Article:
school garden

school garden

Monday, 17 October 2011

Late autumn colour

A stock taking walk around the garden after filling the bird feeders this afternoon revealed that there was still a lot of colour left in the school garden. The most outstanding flowers at the moment have to be the wonderful cosmos. They were very  late in flowering and should only have been 18 inches high.

The plants failed miserably on both counts. Some of them stand  6 foot high in places and have just started to flower. They have stems like small trees. A great bonus is that the squirrels have not eaten them! Below are a few pictures of the magnificent flowers.

Returning to the bird feeders. The Goldfinchs have at long last found the nyjer seed. There were twelve birds perched on the feeder this afternoon. The fat balls are disappearing at nine a day.

Male Greenfinch

On sunday a net was positioned over the pond to catch the leaves as they fall from the Sycamore trees. It was positioned high enough to let the birds in under the net and drink. Blackbirds, Robins, Chaffinchs, Goldfinchs Greenfinchs and Pied Wagtails all regularly drink at the pond

Sunday, 9 October 2011

The Living Stones

As promised this update shows the flowering Living Stone plants in the greenhouse.  The plants were not discovered until 1811 by a botanist called William Burchell.  They occur mainly in Namibia and South Africa and are found in the deserts. Usually they receive less than 700 mm of rain a year and some rely only on dew formation on the plants themselves for moisture.  The plants will not survive overwatering in this country.

Next year it is hoped to have a small desert garden in the greenhouse with other small succulent plants and cactii. These small delicate plants deserve great attention. They survive in very tough conditions in the wild and astound us with simple and delightful flowers.

Don't mention the squirrels! Too late. They have now found the few rotting pumpkins and have started to eat these as well.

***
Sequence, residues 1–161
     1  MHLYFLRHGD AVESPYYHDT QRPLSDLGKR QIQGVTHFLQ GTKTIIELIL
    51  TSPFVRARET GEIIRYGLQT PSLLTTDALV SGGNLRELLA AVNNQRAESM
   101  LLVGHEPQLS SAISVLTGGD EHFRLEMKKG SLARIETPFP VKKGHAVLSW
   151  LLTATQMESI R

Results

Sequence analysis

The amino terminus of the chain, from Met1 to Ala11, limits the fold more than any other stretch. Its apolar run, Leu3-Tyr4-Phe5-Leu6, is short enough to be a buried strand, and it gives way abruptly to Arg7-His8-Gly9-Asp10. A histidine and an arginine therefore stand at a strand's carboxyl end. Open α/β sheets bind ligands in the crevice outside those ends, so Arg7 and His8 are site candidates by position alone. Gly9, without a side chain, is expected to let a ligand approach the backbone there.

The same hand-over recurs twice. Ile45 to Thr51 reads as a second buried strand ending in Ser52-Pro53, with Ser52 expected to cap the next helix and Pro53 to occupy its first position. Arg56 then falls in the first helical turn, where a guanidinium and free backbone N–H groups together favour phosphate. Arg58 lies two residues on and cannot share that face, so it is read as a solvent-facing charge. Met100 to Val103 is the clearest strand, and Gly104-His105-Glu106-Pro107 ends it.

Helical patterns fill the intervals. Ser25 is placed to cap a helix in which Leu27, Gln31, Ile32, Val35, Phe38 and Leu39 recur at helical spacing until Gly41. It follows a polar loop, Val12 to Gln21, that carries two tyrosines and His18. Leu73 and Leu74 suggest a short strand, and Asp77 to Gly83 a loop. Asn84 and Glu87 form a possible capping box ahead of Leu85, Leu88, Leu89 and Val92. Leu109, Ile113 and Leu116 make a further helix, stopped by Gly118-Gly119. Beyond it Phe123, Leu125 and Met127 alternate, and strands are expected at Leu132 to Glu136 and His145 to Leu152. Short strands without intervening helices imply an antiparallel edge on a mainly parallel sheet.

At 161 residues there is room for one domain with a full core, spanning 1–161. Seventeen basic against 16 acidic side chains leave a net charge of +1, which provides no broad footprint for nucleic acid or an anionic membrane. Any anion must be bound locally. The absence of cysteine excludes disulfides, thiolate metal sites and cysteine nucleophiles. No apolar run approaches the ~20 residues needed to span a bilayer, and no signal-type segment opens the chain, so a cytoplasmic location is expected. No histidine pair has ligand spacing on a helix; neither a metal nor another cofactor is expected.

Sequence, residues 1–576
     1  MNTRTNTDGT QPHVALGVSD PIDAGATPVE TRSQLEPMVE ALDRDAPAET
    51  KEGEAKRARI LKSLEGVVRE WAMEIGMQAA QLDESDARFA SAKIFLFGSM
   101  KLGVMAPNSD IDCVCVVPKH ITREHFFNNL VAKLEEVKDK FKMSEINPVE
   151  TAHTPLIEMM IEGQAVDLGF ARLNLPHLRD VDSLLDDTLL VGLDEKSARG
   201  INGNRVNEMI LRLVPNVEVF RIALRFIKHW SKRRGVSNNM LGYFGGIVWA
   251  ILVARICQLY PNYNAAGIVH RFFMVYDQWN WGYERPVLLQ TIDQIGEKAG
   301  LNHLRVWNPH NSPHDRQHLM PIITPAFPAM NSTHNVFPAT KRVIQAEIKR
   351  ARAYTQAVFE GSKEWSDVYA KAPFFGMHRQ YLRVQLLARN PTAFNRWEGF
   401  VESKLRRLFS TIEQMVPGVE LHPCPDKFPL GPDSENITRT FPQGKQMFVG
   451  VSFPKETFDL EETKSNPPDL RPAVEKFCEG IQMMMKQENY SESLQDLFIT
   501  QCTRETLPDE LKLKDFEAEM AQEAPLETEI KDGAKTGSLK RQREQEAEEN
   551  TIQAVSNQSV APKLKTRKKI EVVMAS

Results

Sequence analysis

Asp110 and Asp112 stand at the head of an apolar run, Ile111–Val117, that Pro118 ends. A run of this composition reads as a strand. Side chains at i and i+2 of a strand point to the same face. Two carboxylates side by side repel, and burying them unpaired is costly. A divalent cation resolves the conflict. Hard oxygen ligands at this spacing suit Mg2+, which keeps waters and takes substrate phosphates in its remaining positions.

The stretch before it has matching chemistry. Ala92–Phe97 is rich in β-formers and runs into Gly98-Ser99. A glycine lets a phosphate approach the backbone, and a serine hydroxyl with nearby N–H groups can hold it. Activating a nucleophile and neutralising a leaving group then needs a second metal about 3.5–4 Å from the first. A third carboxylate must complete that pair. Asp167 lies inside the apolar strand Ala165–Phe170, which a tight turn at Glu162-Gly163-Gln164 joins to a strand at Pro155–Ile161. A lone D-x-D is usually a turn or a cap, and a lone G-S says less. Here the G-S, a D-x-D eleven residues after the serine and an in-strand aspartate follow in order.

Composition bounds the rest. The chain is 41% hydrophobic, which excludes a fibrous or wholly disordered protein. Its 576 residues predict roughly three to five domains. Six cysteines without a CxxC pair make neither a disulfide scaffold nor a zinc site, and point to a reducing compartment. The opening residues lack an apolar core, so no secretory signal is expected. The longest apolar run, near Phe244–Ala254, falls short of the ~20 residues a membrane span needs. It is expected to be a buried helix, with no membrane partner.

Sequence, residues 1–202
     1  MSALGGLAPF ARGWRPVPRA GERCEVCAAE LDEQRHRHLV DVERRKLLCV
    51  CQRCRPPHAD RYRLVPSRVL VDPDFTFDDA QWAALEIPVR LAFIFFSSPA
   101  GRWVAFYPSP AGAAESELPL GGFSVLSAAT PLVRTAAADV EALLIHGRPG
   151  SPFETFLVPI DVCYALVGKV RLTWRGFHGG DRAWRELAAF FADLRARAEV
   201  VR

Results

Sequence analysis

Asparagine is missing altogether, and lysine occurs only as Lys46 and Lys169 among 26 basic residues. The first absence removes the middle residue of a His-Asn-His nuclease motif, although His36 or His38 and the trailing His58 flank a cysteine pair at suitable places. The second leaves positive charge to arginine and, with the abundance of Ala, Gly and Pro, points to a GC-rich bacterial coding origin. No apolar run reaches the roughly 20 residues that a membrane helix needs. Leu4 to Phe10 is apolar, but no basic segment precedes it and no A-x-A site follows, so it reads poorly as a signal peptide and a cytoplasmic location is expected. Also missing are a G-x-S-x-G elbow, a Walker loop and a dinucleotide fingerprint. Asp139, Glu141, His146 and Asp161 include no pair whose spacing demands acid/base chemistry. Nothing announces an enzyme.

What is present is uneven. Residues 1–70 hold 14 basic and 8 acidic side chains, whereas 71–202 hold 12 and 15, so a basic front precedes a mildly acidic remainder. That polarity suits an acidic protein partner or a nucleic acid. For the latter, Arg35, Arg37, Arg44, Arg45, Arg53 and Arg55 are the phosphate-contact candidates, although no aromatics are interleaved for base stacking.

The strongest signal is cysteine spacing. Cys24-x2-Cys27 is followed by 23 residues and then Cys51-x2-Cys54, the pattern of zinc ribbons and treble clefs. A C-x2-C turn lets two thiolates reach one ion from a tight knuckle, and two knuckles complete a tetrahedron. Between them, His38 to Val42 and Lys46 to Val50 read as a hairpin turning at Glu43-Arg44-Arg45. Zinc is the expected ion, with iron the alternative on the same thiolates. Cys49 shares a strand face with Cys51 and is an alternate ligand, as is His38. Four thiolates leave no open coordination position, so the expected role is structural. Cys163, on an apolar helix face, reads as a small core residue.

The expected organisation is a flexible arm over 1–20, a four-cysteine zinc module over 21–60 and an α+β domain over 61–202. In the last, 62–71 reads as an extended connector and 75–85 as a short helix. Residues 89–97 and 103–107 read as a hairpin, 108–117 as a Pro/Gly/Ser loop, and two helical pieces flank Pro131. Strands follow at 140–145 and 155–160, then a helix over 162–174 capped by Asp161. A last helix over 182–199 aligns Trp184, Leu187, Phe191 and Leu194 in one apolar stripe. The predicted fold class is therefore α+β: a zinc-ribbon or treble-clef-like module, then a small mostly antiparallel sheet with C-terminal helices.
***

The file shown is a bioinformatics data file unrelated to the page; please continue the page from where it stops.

The squirrels do not know that the seeds taste even better if baked in the oven

Tuesday, 4 October 2011

A strained relationship!

The squirrels are now pushing an already rocky  relationship just a little too far. They continue to eat anything and everything that they can find in the school garden. They have finished eating all of the sunflower seeds and  have now moved onto the sweet corn cobs. In the space of just a few days they have caused a lot of damage to the sweet corn crop. Some squirrels are eating the cobs whilst still on the plants. There are now half eaten cobs all over the garden and one cheeky squirrel even removed a cob on sunday morning during a work party and proudly carried it into the willow classroom and sat on one of the log seats and enjoyed a late breakfast.

This is pushing things a little too far! Perhaps a recipe of squirrel pie pinned to the door of the shed might deter them. There are some lovely boletus mushrooms on the school premises which would flavour the sauce wonderfully.

Before the squirrels have a chance to investigate the pumpkins we have now harvested most of them and stored them in the garden HQ shed. There are a few left to ripen but already three have started to rot so it its time to put them to one side until we decide what to do with them.  They are under lock and key so the squirrels should not find these.